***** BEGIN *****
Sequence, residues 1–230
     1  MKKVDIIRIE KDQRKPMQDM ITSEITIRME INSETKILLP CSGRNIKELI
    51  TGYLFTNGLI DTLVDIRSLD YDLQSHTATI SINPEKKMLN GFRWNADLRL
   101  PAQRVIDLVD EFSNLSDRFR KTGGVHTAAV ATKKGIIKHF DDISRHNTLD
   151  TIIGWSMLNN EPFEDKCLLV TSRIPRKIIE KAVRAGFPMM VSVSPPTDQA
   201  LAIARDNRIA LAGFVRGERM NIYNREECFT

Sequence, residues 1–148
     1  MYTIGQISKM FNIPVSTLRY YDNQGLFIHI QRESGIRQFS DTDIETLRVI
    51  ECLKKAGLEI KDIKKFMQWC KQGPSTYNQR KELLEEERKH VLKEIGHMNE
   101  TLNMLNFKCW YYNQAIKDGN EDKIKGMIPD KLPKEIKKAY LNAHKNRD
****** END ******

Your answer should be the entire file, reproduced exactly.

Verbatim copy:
Sequence, residues 1–230
     1  MKKVDIIRIE KDQRKPMQDM ITSEITIRME INSETKILLP CSGRNIKELI
    51  TGYLFTNGLI DTLVDIRSLD YDLQSHTATI SINPEKKMLN GFRWNADLRL
   101  PAQRVIDLVD EFSNLSDRFR KTGGVHTAAV ATKKGIIKHF DDISRHNTLD
   151  TIIGWSMLNN EPFEDKCLLV TSRIPRKIIE KAVRAGFPMM VSVSPPTDQA
   201  LAIARDNRIA LAGFVRGERM NIYNREECFT

Sequence, residues 1–148
     1  MYTIGQISKM FNIPVSTLRY YDNQGLFIHI QRESGIRQFS DTDIETLRVI
    51  ECLKKAGLEI KDIKKFMQWC KQGPSTYNQR KELLEEERKH VLKEIGHMNE
   101  TLNMLNFKCW YYNQAIKDGN EDKIKGMIPD KLPKEIKKAY LNAHKNRD